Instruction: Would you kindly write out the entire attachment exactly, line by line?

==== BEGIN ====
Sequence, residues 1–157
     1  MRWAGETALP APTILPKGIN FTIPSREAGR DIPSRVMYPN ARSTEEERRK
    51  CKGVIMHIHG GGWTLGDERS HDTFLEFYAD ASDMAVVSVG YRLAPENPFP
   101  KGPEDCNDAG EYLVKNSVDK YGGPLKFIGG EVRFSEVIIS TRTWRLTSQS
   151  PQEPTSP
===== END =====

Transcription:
Sequence, residues 1–157
     1  MRWAGETALP APTILPKGIN FTIPSREAGR DIPSRVMYPN ARSTEEERRK
    51  CKGVIMHIHG GGWTLGDERS HDTFLEFYAD ASDMAVVSVG YRLAPENPFP
   101  KGPEDCNDAG EYLVKNSVDK YGGPLKFIGG EVRFSEVIIS TRTWRLTSQS
   151  PQEPTSP